Today was “zoo day” for the Sylfest family. Well, I should clarify. Most days in our house are kind of zoo-like, but today we actually traveled to the zoo! From the moment we first said the “z-word” this morning both boys started to bounce off of the walls. So we raced around the house packing up all of the necessities. Sunscreen, sweatshirts, diapers, undies, spare undies, shorts, spare shorts, juice cups, snacks, more snacks, hats, sunglasses, stroller…you know just the necessities. We set a goal to leave the house by 9:15am and worked diligently to make that happen. We set just enough timers for Grayson so that he would pee in the potty the minute before we would load into the car. We tag-teamed getting the kids dressed and getting ourselves dressed. When all was said and done we loaded into the car and set off for the zoo at 9:21am. Not too shabby.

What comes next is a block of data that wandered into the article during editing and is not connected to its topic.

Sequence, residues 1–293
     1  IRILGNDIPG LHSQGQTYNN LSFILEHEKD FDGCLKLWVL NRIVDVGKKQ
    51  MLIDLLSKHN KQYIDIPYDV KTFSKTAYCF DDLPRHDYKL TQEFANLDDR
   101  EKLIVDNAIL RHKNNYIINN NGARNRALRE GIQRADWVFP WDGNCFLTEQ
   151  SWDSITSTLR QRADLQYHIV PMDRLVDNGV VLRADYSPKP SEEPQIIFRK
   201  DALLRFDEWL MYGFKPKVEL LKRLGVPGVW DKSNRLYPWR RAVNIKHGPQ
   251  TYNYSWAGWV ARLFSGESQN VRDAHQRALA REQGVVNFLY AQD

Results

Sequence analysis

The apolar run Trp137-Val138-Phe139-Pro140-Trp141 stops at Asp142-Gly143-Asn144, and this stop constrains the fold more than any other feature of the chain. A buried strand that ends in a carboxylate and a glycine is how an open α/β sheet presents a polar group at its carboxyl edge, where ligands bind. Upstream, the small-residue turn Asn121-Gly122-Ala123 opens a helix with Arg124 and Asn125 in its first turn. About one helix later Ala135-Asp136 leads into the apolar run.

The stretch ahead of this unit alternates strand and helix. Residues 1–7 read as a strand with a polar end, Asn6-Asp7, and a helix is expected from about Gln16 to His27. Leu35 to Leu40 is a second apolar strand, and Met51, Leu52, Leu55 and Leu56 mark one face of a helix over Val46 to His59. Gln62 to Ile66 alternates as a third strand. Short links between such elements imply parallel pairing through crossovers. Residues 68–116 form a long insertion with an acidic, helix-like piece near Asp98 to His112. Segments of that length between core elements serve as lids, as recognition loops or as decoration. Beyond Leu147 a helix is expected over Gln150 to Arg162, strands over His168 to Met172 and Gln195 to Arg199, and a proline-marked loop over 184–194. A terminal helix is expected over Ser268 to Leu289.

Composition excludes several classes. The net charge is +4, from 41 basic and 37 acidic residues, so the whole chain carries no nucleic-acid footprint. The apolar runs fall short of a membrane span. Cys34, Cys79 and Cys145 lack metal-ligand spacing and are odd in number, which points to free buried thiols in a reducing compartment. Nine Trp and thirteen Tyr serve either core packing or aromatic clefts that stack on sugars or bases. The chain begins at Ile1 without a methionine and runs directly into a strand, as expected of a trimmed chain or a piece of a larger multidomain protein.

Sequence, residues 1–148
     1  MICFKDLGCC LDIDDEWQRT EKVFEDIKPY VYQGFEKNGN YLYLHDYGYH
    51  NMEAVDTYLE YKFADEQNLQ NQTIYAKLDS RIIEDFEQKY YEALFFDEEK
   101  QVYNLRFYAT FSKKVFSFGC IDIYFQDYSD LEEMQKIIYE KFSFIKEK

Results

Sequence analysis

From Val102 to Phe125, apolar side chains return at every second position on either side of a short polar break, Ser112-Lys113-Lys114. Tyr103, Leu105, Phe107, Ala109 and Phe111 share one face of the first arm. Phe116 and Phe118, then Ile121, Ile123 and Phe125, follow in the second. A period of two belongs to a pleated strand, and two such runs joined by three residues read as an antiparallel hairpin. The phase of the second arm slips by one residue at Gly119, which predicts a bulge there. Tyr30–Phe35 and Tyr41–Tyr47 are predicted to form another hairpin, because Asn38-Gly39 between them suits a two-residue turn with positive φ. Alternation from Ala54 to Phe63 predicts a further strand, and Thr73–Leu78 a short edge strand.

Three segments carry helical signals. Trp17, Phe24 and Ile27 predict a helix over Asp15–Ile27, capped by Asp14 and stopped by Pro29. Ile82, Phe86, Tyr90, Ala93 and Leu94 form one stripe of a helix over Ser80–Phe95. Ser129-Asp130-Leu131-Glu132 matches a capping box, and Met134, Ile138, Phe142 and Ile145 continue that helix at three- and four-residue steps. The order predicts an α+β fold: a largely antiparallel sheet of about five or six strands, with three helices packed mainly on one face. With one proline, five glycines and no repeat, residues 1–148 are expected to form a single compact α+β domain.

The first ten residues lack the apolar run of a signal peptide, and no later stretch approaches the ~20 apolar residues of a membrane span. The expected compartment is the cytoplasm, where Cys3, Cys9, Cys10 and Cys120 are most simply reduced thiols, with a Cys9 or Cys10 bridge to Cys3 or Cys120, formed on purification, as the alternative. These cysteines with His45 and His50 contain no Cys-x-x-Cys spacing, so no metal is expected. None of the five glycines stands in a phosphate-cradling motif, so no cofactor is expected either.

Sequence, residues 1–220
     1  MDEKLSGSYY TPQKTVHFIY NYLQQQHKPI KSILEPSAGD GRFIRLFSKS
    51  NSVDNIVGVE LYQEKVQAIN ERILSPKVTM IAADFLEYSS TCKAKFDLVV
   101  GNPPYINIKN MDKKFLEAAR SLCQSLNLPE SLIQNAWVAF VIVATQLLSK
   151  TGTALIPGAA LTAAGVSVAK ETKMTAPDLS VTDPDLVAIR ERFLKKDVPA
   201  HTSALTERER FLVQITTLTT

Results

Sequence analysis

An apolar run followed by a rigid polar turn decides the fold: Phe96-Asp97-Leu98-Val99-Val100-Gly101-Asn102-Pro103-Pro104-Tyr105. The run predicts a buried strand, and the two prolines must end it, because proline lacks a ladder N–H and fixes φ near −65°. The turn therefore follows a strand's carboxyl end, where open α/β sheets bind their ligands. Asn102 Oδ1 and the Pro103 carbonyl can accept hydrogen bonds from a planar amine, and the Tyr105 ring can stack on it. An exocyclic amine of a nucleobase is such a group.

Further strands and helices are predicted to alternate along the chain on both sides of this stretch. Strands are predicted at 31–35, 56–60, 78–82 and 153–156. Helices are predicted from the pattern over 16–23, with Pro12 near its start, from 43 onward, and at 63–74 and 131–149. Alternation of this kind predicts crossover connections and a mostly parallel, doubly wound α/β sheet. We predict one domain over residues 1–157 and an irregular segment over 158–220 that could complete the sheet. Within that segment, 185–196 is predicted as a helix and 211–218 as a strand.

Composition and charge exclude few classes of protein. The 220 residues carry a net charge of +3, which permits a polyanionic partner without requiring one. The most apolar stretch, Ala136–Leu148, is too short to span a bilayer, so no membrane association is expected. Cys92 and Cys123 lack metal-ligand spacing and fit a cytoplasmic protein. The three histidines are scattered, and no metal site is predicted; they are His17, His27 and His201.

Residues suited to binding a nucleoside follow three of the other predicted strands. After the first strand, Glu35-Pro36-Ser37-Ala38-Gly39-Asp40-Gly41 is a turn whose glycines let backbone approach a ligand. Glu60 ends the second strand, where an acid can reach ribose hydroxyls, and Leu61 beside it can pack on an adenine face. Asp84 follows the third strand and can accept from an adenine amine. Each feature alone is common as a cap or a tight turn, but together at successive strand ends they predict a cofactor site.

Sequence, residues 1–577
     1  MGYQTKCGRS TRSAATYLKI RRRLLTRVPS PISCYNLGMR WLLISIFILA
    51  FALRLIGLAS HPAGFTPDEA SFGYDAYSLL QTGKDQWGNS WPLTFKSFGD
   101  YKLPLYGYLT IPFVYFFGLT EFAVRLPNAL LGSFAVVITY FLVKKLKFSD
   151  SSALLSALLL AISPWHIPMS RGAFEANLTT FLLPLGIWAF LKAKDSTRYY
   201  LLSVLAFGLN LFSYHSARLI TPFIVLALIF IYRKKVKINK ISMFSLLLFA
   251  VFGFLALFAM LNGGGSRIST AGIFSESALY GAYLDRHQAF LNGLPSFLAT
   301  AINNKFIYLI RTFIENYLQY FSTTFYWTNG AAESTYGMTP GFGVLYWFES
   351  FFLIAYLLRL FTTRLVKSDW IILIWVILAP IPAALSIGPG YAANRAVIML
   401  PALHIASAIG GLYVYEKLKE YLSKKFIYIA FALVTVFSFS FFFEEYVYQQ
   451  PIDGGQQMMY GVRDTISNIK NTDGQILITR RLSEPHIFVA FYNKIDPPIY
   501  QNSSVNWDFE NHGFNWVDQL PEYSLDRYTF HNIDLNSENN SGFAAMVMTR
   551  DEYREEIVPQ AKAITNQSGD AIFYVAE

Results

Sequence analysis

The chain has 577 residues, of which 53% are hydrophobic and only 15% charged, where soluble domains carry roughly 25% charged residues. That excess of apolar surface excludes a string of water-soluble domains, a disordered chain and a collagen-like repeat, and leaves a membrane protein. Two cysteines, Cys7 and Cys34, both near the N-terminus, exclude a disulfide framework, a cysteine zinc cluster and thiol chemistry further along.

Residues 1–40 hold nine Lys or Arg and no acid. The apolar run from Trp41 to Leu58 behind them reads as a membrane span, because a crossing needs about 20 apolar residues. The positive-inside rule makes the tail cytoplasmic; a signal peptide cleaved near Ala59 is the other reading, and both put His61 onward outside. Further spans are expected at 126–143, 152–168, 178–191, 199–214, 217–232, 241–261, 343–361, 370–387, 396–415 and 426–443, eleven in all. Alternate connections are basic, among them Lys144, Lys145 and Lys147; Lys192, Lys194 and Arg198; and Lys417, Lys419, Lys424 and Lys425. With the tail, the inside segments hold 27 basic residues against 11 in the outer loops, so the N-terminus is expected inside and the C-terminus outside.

Any parent that sets out on an all-day adventure with a 4 year old and 2 year old expects that they will be returning home exhausted. And holy crap did we ever. Maybe it was the fact that we were out of practice just coming off of vacation. Maybe it was the fact that both kiddos insisted on walking all day; which meant a lot more chasing. Maybe it was all the time we spent talking up the zoo; planting so many ideas into their little heads about all of the amazing things they could do at the zoo. Maybe it was the fact that we are 32 and these days 32 just feels really really old. It was probably a little bit of all of these things. Oh, did I mention there were 4 adults and 2 kids? Cuz there were. The adults had the clear advantage, and yet as we walked out of the zoo gates 5 hours after starting our adventure all 4 adults were dragging their feet and the lunch-less (apparently there is not time to eat at the zoo; which is even more annoying because food is 3x as expensive), nap-less (cuz that would require sitting still and maybe even riding in the stroller we pushed around all day) toddlers were still running.